Surviving in the COVID Era
“God is dead. God remains dead. And we have killed him. How shall we comfort ourselves, the murderers of all murderers? What was holiest and mightiest of all that the world has yet owned has bled to death under our knives: who will wipe this blood off us? What water is there for us to clean ourselves? What festivals of atonement, what sacred games shall we have to invent? Is not the greatness of this deed too great for us? Must we ourselves not become gods simply to appear worthy of it?”1
Friedrich Wilhelm Nietzsche became one of the youngest university professors of the University of Basel, around the year 1869. He was only 24 years old when academia recognized his supposed “genius.” Then, in 1879, Nietzsche was forced to resign. We cannot know exactly what seeds he was sowing in his mind, but the Bible tells us without a doubt that all sow what they reap; cause produces effect. One of the earliest evidences of Nietzsche’s rhetoric against a “non-existent” God is found in 1862 in his essay, —declarations that eventually escalated into the vitriolic language mentioned above, and producing the inevitable consequence of affecting the philosopher’s health for life. In 1889, at age 44, Nietzsche experienced an irreversible mental breakdown and he later died in the year 1900, without any drop of sanity or capability to express regrets or remorse over his past life.
Yet his words, “God is dead. God remains dead. And we have killed him” sadly remained. His influence injected into the generations that followed are echoed and reflected today in the behavior of many on American streets as well as elsewhere throughout the world. Regardless of intellectual level, financial status, or skin color, the whole human race is marching towards ultimate self-destruction. The greed for power animates the “shadow” of many people from both the religious and political spectrum with the desire to control human behavior and even the human mind itself. We look around us and see “fear” as the daily ingredient served to the masses by the media. In today’s world, probably one in three may say, “I’m hungry,” one in two, “I’m thirsty,” but it is likely that nearly all of us would say, “I’m worried.”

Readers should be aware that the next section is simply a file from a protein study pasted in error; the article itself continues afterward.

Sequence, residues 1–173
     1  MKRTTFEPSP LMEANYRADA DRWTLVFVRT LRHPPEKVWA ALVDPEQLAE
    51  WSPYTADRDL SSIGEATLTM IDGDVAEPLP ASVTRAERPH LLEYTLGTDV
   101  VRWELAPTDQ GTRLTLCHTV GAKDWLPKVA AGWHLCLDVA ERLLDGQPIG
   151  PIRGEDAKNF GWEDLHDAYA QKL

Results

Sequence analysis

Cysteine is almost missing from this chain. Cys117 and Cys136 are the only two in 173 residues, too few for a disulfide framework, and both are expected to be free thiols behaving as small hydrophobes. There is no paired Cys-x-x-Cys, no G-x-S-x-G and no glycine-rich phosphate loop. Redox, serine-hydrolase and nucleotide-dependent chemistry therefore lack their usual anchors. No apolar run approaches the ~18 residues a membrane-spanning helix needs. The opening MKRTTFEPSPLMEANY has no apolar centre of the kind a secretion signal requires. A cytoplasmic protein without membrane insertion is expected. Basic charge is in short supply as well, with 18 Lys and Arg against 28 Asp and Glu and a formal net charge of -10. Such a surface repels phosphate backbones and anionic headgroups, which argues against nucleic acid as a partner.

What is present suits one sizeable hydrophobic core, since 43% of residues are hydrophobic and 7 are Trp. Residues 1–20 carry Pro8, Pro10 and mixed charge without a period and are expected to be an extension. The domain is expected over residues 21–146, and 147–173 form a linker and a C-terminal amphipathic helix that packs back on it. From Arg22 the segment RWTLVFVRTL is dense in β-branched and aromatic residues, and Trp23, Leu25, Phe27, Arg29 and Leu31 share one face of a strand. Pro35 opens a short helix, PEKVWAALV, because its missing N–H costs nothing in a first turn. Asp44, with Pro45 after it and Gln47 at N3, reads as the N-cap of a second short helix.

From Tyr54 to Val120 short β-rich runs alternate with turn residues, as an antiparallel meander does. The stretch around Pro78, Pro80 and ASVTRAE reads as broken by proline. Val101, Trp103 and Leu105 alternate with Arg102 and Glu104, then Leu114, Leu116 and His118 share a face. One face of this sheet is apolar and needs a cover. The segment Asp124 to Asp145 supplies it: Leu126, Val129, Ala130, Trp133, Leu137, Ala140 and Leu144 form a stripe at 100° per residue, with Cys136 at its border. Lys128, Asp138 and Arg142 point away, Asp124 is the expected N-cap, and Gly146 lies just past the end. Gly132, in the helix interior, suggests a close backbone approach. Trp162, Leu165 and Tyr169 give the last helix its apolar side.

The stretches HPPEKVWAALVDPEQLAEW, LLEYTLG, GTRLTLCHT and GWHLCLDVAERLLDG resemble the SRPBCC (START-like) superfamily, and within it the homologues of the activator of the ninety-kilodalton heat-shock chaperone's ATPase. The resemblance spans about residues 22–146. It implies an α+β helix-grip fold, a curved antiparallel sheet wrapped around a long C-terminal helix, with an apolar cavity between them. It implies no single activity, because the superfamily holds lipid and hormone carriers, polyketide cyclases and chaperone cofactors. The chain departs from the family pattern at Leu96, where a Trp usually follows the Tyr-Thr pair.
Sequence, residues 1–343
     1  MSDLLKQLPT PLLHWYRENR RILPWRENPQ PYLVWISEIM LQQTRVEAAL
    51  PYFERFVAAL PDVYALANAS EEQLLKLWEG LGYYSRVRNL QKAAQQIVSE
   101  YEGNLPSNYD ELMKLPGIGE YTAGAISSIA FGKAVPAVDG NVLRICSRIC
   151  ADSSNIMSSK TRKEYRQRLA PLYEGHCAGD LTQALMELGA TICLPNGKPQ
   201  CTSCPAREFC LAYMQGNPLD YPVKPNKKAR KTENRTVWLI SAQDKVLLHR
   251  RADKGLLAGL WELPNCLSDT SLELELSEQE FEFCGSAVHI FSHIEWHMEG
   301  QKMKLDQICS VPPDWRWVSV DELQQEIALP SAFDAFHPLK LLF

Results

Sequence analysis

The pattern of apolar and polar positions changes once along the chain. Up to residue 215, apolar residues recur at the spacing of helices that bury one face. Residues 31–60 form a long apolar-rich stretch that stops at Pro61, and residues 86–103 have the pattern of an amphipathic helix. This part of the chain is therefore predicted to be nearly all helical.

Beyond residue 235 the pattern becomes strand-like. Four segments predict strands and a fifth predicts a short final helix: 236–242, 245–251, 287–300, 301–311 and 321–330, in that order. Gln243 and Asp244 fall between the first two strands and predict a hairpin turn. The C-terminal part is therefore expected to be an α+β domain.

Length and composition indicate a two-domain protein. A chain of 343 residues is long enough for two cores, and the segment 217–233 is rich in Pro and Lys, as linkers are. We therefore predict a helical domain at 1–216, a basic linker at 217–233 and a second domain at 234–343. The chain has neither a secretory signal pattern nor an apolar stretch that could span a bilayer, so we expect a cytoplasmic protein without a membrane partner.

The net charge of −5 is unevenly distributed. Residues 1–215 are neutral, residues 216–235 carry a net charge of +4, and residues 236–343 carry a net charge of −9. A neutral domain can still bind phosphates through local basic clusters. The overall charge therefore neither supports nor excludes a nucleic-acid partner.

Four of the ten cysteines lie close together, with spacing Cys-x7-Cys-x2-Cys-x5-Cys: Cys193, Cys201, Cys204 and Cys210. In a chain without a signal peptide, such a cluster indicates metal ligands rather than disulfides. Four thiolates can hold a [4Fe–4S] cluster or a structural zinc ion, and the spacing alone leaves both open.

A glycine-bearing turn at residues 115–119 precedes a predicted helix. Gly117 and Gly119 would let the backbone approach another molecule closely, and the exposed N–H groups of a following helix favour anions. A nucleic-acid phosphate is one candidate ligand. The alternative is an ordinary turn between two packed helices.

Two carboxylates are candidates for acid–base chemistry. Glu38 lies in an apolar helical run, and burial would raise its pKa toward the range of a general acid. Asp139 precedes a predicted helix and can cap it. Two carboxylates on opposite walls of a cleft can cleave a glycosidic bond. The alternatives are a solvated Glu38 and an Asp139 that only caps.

Our streets are a spectacle of violence and lawlessness. Dear reader, the spirit of unrest seen in almost every country of the world reflects the words of Jesus fulfilling in our generation. The Lord bemoaned, “O Jerusalem, Jerusalem, which killest the prophets, and stonest them that are sent unto thee; how often would I have gathered thy children together, as a hen doth gather her brood under her wings, and ye would not! Behold, your house is left unto you desolate: and verily I say unto you, Ye shall not see me, until the time come when ye shall say, Blessed is he that cometh in the name of the Lord” (, ).
I hope and pray that the articles prepared for the reader of this issue of will bring the best awareness possible for our spiritual life in order to be ready for the perfect storm that is looming on the horizon.